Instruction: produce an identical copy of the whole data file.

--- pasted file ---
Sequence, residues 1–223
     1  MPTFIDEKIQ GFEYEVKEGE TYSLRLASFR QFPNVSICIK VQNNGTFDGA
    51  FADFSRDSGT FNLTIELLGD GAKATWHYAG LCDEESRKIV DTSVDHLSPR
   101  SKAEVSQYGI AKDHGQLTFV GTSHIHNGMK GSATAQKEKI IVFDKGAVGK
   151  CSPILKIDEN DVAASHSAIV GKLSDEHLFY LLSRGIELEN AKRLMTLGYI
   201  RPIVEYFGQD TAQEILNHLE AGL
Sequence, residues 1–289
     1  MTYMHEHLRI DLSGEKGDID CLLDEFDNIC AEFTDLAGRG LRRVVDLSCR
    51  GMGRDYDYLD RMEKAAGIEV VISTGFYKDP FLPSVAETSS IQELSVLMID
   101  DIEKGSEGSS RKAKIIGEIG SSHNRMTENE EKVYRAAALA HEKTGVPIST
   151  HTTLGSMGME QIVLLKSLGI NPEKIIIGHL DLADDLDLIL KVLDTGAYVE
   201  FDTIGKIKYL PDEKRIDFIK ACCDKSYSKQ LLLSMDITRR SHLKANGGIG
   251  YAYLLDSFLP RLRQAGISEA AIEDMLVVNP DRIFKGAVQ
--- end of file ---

Sequence, residues 1–223
     1  MPTFIDEKIQ GFEYEVKEGE TYSLRLASFR QFPNVSICIK VQNNGTFDGA
    51  FADFSRDSGT FNLTIELLGD GAKATWHYAG LCDEESRKIV DTSVDHLSPR
   101  SKAEVSQYGI AKDHGQLTFV GTSHIHNGMK GSATAQKEKI IVFDKGAVGK
   151  CSPILKIDEN DVAASHSAIV GKLSDEHLFY LLSRGIELEN AKRLMTLGYI
   201  RPIVEYFGQD TAQEILNHLE AGL
Sequence, residues 1–289
     1  MTYMHEHLRI DLSGEKGDID CLLDEFDNIC AEFTDLAGRG LRRVVDLSCR
    51  GMGRDYDYLD RMEKAAGIEV VISTGFYKDP FLPSVAETSS IQELSVLMID
   101  DIEKGSEGSS RKAKIIGEIG SSHNRMTENE EKVYRAAALA HEKTGVPIST
   151  HTTLGSMGME QIVLLKSLGI NPEKIIIGHL DLADDLDLIL KVLDTGAYVE
   201  FDTIGKIKYL PDEKRIDFIK ACCDKSYSKQ LLLSMDITRR SHLKANGGIG
   251  YAYLLDSFLP RLRQAGISEA AIEDMLVVNP DRIFKGAVQ